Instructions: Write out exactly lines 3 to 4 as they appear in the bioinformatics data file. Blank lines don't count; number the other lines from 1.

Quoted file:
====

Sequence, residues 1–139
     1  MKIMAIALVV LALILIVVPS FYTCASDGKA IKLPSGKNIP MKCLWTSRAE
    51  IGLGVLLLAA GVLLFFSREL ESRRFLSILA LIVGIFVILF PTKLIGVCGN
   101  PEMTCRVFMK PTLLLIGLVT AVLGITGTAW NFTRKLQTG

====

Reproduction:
    51  IGLGVLLLAA GVLLFFSREL ESRRFLSILA LIVGIFVILF PTKLIGVCGN
   101  PEMTCRVFMK PTLLLIGLVT AVLGITGTAW NFTRKLQTG